In terms of perceived corruption, Taiwan ranks 25th, China 66th
In Transparency International’s 2021 index of 180 countries, Taiwan island climbs three positions. China has a score of 45, the Asia-Pacific average. New Zealand, Denmark and Finland are at the top. Taiwan is an example of participatory digital democracy.
Taipei (AsiaNews) – Taiwan is getting better at fighting corruption.
According to Transparency International's 2021 Corruption Perception Index, published yesterday, the island climbed three places, placing 25 out of 180 countries with 68 points.
On a scale of 0 to 100, lower scores indicate high levels of corruption, whilst 100 marks the top rank in terms of government transparency.
Although rising by three notches as well, mainland China is only in the 66th place with 45 points, along with countries like Romania, São Tomé and Príncipe, and Vanuatu.
The world average is 43. In the Asia-Pacific region, it is 45. In the latter, Taiwan is in 6th place, behind New Zealand, Singapore, Hong Kong, Australia and Japan.
Globally New Zealand ranks first along with Denmark and Finland (Italy is 42nd).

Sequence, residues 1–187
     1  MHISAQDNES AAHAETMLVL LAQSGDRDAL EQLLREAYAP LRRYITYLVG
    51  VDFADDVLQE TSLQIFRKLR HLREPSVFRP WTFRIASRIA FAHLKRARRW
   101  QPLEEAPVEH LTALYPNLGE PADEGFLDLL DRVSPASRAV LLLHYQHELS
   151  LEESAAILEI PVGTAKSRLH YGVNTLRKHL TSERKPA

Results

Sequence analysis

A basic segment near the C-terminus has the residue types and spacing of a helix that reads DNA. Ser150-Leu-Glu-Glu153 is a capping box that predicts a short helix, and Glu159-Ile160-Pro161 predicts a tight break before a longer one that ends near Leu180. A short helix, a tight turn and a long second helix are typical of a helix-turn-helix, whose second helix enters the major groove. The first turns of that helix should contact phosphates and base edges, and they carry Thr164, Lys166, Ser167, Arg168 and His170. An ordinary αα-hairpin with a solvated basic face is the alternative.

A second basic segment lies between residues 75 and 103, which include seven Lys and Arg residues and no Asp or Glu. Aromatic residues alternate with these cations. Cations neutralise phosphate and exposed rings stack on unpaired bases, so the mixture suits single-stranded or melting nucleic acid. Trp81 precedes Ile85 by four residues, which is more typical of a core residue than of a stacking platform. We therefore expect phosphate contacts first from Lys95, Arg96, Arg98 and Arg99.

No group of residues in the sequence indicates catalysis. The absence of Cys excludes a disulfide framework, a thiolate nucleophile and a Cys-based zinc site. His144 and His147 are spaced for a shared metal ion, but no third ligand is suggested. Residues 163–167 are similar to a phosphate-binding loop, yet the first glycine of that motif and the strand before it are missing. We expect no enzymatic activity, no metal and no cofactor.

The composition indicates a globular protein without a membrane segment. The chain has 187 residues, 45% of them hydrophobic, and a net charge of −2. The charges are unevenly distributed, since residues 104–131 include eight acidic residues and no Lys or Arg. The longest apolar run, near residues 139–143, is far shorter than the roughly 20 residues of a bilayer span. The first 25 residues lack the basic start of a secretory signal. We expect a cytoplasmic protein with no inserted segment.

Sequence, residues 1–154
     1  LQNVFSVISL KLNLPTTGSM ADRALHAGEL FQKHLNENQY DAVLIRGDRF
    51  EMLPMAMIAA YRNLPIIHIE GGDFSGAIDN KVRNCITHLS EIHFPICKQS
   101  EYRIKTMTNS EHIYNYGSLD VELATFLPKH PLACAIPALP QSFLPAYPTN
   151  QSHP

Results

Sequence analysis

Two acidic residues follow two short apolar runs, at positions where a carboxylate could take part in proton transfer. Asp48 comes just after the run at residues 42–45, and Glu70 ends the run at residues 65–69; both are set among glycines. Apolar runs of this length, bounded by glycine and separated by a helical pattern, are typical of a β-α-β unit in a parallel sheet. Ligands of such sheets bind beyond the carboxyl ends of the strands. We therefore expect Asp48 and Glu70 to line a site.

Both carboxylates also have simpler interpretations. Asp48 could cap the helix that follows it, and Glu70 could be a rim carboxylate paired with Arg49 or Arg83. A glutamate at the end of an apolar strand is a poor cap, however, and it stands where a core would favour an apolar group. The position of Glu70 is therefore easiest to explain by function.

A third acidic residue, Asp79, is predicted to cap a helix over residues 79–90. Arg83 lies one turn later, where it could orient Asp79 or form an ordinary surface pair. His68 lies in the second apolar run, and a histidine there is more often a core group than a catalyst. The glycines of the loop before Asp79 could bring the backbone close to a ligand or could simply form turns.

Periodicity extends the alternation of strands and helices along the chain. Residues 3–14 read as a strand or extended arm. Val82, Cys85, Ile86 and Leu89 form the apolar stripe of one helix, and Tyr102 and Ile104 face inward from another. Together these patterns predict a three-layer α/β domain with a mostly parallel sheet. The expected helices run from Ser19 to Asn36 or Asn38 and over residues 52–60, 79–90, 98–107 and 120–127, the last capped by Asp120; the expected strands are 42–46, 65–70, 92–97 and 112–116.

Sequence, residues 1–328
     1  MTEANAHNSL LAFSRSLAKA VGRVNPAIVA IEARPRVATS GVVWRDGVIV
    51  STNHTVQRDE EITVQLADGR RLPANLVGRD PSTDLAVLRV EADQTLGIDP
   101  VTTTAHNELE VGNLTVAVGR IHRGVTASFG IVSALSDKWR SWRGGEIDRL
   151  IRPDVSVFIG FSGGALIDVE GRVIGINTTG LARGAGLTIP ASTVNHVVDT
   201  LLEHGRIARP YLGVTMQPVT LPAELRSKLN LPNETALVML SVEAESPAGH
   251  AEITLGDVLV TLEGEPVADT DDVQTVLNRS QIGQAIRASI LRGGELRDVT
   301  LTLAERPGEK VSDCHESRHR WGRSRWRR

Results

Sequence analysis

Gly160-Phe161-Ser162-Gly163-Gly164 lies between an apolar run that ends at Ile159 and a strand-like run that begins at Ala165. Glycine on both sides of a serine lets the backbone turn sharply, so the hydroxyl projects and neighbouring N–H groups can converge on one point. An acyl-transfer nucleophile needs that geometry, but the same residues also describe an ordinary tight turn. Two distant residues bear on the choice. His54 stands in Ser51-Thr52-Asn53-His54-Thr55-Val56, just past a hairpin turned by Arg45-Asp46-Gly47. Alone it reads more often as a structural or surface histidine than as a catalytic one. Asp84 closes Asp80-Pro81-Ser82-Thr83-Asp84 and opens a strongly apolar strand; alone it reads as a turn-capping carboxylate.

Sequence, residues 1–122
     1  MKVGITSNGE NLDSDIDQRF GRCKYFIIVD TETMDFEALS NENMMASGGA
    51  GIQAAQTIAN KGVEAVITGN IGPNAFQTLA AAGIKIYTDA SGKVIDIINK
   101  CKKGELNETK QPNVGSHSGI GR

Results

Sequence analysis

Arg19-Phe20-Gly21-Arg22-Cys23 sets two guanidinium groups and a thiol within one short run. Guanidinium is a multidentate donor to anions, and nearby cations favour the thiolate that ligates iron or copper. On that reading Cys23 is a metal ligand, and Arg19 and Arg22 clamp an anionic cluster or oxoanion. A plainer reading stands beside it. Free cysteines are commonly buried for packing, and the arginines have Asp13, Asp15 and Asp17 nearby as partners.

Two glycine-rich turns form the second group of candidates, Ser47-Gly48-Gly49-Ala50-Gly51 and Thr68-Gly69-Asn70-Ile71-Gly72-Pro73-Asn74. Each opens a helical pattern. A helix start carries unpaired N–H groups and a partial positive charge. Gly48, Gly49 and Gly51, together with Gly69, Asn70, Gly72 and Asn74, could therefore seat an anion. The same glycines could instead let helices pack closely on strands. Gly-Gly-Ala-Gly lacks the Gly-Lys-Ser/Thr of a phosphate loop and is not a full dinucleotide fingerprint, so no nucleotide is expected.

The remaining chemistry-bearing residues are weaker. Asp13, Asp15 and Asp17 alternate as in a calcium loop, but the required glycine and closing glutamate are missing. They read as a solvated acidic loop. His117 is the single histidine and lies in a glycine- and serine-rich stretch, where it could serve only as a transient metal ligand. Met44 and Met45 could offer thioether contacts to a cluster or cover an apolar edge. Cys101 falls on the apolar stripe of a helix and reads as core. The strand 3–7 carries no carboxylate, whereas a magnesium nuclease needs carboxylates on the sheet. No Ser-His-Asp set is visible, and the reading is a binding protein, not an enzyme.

To improve the fight against corruption, Transparency International has advised Asian countries to involve and better inform ordinary citizens who must be able to meet and express themselves freely, speaking out in cases of corruption without fear of reprisals.
In the case of Taiwan, Minister of Digital Affairs Audrey Tang (pictured) has introduced software made by a US company that promotes public participation in government decision-making.
Every bill put forward by the Taiwanese government is subject to 60 days of public scrutiny, with people able to use the Polis platform to make comments.
According to recent estimates, nearly half of Taiwanese have participated in this kind of online debate. For her contribution, Tang calls herself a “civic hacker”.